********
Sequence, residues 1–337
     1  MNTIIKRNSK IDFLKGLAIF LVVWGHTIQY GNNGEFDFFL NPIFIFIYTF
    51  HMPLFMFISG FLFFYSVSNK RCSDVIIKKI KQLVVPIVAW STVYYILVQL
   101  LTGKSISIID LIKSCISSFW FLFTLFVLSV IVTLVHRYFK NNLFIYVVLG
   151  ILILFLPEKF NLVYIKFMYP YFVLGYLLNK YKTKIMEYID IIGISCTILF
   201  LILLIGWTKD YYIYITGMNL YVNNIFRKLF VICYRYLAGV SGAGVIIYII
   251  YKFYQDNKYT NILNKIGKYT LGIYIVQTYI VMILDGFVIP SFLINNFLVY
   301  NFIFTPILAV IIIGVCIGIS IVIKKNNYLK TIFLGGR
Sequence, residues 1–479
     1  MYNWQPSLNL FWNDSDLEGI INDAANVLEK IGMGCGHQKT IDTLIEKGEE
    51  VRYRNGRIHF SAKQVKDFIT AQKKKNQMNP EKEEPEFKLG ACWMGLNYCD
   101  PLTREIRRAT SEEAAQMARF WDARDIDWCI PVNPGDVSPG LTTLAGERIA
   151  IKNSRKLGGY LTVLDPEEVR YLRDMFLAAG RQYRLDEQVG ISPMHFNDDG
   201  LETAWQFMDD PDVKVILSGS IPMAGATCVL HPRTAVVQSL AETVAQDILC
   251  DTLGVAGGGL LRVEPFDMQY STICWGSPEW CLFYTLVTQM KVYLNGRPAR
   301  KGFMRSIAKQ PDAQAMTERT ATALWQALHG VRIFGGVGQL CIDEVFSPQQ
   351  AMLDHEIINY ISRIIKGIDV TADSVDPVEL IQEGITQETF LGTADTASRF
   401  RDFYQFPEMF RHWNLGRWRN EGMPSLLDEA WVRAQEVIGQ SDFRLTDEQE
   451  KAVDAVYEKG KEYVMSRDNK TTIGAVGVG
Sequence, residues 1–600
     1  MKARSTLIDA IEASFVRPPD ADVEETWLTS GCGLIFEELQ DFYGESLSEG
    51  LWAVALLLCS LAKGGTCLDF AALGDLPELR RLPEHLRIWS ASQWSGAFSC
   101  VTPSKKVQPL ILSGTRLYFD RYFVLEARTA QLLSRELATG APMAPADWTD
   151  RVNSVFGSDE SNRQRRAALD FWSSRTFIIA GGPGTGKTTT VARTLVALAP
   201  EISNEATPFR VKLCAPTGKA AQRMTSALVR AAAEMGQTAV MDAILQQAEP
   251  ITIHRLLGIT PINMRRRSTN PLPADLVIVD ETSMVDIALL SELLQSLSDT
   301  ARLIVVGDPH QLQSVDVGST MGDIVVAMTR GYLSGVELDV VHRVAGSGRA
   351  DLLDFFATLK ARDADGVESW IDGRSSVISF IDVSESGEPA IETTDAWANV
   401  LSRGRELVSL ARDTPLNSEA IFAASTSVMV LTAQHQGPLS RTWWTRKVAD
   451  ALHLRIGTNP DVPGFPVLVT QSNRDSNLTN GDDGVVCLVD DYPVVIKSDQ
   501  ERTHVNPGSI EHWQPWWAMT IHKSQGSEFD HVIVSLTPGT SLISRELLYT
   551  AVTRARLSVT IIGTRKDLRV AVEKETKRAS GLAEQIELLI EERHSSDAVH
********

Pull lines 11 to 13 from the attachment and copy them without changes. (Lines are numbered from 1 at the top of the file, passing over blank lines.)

    51  VRYRNGRIHF SAKQVKDFIT AQKKKNQMNP EKEEPEFKLG ACWMGLNYCD
   101  PLTREIRRAT SEEAAQMARF WDARDIDWCI PVNPGDVSPG LTTLAGERIA
   151  IKNSRKLGGY LTVLDPEEVR YLRDMFLAAG RQYRLDEQVG ISPMHFNDDG